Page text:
-- Politico, "White House aides grapple with newfound celebrity,” by Annie Karni and Tara Palmeri: Kellyanne Conway could barely move across the White House lawn at the Easter Egg Roll on Monday without being accosted by a crush of selfie-seeking fans and enraptured young girls who wanted to stare at her. The onslaught of attention hardly came as a shock to Conway, who has been recognize-on-the-street famous since her ubiquitous television appearances during the 2016 campaign. Conway might be the most overexposed of [Trump’s] West Wing aides; in November, the Daily Mail published a 59-photo slideshow of the Republican strategist lounging poolside in her bathing suit while on a family vacation … But she’s not the only White House official who has transformed into a bona fide national celebrity, completing a melding of politics and entertainment that Washington observers say has been years in the making.”

"Paparazzi photographer Mark Wilkins used to stalk movie stars like Shia LaBeouf, who once famously threw a cup of coffee on him. He's now taken to following White House aides instead[:] Last week, he stationed himself outside the Newseum, where Conway was speaking at a conference, to snap pictures of her as she left. Wilkins also sometimes sits outside of Spicer's house in his car, waiting for a shot he can sell to the tabloids. 'I'm going to try to work on him and get him at church,'” said Wilkins, who receives tips from airline and train stations when they travel in and out."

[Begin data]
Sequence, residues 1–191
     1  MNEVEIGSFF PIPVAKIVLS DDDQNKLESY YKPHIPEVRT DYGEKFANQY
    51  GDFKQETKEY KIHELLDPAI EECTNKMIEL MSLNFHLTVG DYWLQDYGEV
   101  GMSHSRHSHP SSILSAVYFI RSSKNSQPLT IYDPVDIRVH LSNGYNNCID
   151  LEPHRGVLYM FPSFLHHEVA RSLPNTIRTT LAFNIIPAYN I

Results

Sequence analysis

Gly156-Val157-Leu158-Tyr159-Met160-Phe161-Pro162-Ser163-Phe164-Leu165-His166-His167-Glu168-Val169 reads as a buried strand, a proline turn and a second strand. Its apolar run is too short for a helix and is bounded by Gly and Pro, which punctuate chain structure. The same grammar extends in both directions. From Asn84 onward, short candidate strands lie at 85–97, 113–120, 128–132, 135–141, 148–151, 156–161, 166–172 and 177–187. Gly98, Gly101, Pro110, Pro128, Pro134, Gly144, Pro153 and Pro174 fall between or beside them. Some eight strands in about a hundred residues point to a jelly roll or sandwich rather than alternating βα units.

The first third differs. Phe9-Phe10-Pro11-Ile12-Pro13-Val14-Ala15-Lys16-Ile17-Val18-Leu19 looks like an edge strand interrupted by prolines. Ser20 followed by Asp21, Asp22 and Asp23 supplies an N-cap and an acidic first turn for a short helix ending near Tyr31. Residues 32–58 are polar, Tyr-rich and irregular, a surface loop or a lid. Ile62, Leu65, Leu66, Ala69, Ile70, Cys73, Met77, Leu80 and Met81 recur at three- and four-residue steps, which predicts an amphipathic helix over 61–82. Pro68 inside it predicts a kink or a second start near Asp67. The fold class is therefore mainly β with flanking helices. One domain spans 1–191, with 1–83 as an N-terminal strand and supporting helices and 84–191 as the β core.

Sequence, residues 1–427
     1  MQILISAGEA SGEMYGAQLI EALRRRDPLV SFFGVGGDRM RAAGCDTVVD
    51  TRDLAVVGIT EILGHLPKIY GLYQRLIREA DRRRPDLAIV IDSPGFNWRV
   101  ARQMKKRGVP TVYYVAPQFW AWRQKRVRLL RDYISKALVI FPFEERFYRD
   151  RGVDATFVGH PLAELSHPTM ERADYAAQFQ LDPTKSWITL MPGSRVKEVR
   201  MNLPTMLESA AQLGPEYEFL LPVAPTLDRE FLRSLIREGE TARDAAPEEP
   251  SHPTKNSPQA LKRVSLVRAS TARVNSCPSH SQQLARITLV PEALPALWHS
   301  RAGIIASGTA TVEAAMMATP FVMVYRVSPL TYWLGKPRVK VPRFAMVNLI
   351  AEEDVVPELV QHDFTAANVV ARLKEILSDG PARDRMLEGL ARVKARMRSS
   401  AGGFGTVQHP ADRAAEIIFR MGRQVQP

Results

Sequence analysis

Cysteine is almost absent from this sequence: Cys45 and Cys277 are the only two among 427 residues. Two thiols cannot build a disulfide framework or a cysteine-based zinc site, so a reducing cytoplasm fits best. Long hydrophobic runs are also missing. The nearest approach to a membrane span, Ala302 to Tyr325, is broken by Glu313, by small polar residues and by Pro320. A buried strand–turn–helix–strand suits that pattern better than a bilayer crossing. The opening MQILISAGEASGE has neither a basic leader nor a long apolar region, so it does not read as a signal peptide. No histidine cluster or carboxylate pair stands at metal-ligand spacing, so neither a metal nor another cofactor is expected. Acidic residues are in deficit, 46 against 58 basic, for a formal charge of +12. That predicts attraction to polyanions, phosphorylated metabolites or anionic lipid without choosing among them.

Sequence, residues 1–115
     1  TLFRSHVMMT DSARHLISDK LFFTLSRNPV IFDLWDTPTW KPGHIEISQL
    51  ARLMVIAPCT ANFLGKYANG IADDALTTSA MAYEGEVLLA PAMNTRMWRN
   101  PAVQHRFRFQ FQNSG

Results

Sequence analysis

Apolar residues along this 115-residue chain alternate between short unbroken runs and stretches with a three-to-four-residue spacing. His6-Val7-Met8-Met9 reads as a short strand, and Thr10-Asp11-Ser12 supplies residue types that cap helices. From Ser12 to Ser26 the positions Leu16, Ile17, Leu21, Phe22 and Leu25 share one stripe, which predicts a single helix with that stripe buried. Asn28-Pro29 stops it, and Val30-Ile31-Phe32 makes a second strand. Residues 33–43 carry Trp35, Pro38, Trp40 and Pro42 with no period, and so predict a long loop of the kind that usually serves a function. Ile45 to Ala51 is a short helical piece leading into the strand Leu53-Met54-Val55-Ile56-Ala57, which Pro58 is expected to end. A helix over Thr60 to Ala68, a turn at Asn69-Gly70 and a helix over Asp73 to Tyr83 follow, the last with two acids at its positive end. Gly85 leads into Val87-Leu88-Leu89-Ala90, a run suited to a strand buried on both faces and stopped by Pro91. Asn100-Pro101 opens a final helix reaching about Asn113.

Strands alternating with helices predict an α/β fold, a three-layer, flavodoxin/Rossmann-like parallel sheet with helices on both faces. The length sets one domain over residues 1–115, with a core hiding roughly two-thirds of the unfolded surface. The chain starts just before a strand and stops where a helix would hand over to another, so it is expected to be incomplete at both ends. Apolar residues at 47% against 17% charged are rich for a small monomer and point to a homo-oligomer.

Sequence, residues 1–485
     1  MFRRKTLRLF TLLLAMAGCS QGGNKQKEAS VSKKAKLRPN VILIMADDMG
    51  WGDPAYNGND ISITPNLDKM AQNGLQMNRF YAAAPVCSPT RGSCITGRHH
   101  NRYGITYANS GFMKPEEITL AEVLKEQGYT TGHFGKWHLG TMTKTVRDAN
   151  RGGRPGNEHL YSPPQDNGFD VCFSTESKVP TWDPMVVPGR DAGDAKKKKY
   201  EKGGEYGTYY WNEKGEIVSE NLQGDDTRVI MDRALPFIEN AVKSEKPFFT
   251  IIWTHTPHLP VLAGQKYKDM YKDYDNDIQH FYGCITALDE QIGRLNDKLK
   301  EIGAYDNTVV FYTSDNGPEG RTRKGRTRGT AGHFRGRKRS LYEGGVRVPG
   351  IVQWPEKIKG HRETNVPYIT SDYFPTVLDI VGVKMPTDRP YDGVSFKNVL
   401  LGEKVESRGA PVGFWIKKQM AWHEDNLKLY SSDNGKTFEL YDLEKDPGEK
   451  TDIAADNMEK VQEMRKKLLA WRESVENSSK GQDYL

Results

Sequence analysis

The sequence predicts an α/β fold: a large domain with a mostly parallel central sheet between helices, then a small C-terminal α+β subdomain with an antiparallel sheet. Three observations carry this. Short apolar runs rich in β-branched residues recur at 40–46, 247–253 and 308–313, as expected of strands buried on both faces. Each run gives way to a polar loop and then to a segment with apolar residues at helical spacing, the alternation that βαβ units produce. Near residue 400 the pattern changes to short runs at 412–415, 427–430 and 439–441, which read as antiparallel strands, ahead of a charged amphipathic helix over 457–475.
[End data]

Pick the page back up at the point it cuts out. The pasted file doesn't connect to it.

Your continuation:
-- LONG READ OF THE DAY à New York Times Magazine, “Is It O.K. to Tinker With the Environment to Fight Climate Change?” by Jon Gertner: “For the past few years, the Harvard professor David Keith has been sketching this vision: Ten Gulfstream jets, outfitted with special engines … take off from a runway near the Equator. Their cargo includes thousands of pounds of a chemical compound — liquid sulfur, let’s suppose — that can be sprayed as a gas from the aircraft. If things go right, the gas converts to an aerosol of particles that remain aloft and scatter sunlight for two years. The payoff? A slowing of the earth’s warming — for as long as the Gulfstream flights continue.

“Keith argues that such a project, usually known as solar geoengineering, is technologically feasible and … ought to be fairly cheap from a cost-benefit perspective[:] What surprised me, then, as Keith paced 'around his Harvard office … was his listing all the reasons humans might not want to hack the environment. Most of his thoughts were related to the possible dangers of trying to engineer our way out of a climate problem of nearly unimaginable scientific, political and moral complexity. Solar geoengineering might lead to what some economists call ‘lock-in,’ referring to the momentum that a new technology, even one with serious flaws, can assume after it gains a foothold in the market. Once we start putting sulfate particles in the atmosphere, he mused, would we really be able to stop?”